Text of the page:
The Allegheny Trail backpacking trip was held from May 23-24, 1998. Only
3 participants this trip: Bill Isham, his wife Chris and me. We met on
Friday night, May 22, at one of the restored cottages at Cass Scenic Railroad
State Park in Cass, WV. These cottages are from the turn of the century and
At right, the Allegheny Trail above Greenbank, WV.
were used as company houses for the local saw mill workers. They retain their original appearance on the outside, but have been gutted and restored to a modern cottage on the inside. We cooked hamburgers and hot dogs, walked down to the Greenbriar River and discovered a new friend for the weekend. A very nice yellow lab dog wandered into the yard and, me being the softy that I am, gave him some of our hot dogs. Well, he was our friend for the weekend. He slept right at our door at night and was always there for another hot dog. We called him Buddy.
It started raining early Saturday morning, the 23rd. It continued raining very hard all morning. We decided to go to the National Radio Astronomy Telescopes at Greenbank, WV for a tour. We saw a slide show and took a bus tour in the rain. It was quite informative. From there, we visited some local shops, then went back to the cottage. It was starting to clear up. The weather forecast on the local radio station wasn't promising, but we decided to go for it.
So we drove my car to the northern trailhead at Durbin, WV and started off down a country road and up into the woods around 12 noon on Saturday. This was going to be a character builder. Right away, we went up 480 feet the first mile. Then it was constantly up, then down, then up, then down for the next 18.8 miles. The elevation changes throughout the trail ranged from 2700 to 3500 feet. However, I counted about 2,000 up steps and 2,350 down steps along this trail. Like I said, it was a character builder.
The first day was not as scenic as the second. The Rhododendron had already bloomed, however, we walked through Rhodo tunnels, which were neat. We crossed some streams, saw some remains of deer and broke for camp beside Laurel Run at around the 8.6-mile mark.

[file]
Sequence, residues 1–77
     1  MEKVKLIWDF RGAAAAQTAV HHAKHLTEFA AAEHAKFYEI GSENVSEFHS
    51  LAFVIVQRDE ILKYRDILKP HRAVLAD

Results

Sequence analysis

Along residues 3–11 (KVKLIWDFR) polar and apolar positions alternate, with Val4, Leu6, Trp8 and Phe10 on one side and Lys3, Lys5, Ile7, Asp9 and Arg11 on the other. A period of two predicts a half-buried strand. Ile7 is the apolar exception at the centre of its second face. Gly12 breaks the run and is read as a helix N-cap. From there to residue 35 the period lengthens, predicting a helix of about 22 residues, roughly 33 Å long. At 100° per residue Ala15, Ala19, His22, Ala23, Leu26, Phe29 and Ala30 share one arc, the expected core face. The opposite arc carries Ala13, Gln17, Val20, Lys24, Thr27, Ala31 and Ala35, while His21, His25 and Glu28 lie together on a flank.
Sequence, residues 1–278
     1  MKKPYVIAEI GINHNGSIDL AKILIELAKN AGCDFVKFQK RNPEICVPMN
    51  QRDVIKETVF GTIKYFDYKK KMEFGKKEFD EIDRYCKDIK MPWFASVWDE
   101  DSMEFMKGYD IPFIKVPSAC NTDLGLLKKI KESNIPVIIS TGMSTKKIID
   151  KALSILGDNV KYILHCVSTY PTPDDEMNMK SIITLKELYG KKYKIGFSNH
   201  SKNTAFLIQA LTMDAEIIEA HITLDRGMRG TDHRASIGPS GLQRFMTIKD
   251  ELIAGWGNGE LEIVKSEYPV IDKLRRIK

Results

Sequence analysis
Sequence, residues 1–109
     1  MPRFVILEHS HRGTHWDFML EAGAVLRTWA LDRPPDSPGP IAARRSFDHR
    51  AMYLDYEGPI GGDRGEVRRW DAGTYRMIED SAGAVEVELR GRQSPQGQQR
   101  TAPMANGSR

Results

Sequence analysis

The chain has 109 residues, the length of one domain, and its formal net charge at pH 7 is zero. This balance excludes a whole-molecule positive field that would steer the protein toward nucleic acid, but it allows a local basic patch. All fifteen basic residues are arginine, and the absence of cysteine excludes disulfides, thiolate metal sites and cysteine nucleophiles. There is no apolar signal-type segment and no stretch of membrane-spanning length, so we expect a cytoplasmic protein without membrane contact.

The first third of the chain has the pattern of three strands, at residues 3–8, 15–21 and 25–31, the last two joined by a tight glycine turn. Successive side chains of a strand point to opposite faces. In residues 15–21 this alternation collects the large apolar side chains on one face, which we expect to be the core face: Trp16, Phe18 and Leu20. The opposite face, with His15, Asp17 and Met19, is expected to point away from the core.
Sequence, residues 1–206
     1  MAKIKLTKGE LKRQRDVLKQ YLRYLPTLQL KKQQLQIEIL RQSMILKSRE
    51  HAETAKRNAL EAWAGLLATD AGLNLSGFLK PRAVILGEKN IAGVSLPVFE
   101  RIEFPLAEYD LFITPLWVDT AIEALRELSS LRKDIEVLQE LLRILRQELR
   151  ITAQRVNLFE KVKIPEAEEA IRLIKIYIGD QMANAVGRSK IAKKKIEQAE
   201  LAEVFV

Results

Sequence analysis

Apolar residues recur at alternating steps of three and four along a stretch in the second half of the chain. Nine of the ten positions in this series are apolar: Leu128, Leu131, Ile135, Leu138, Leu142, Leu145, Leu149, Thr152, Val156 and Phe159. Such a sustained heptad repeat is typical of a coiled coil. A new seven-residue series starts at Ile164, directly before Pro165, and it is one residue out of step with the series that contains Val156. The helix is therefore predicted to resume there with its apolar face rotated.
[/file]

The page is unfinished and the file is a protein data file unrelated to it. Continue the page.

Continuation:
At left, the cottage that we used as our base for the nights before and after the hike. By Mike Calabrese.
of moss, which were very soft to sleep on. We did not see another hiker either day even though it was Memorial Day weekend. Talk about solitude. The weather was overcast and remained fairly dry until about 7am Sunday morning. I got up early and got my water. I was about to eat breakfast when it started raining cats and dogs again. It again came down hard for about an hour. We ate in our tents. When it started letting up, we packed up and were back on the trail around 9:30 am.
The second day was more scenic. We hiked along Laurel Run for awhile, then climbed Little Mountain and were then hiking along old logging roads. We walked above the satellite dishes of the NRAO that we had seen close up by bus the previous day. We also followed the old blue blazed Little Mountain Trail for a short stint. Again there were a lot of ups, and a lot of downs. Did I say this hike was a character builder?
Around 2pm we encountered another torrential downpour, which lasted about 20 minutes. We also encountered a Copperhead snake coiled up right on the trail. He must have just had lunch, as he was very lethargic. We walked off the trail and around him just to be on the safe side. We then walked along an old railroad grade, which became a road, which brought us back to Cass Scenic Railroad Park, where we started. Ironically, the trail continued down an old railroad track and right past our cottage. But that was it for us.
We took it easy the rest of the day, had a country pizza that night at a local store, and then retired early. Monday morning, May 25, we took the 2-hour train ride on the Cass Scenic railroad, wich was very interesting and worth the fare, said our good-byes, then went home.
At right, a clickable image of our friend for the weekend "Buddy". By Mike Calabrese
This trail was in good shape. The blazes were fairly consistent and there were not that many blowdowns across the trail. What I found interesting was that, on some parts of this trail, there wasn't really a trail there. You just walked in a forest among the blazes. This would be a great trail for someone who wants to escape the crowds found along the AT. These are big mountains so you definitely get a workout. However, I would recommend this trail only to the experienced backpacker because of its rugged and remote nature. I would also recommend hiking this trail from Cass to Durbin as there seemed to be more uphill walking the direction that we were going (Durbin to Cass). Also, it would make a great long weekend to hike the trail and see the sites around Pocahontas County, WV.
The Allegheny Trail is a character builder. It also is a beautiful area and deserves to be explored. I know that I will return to this area again some day soon!
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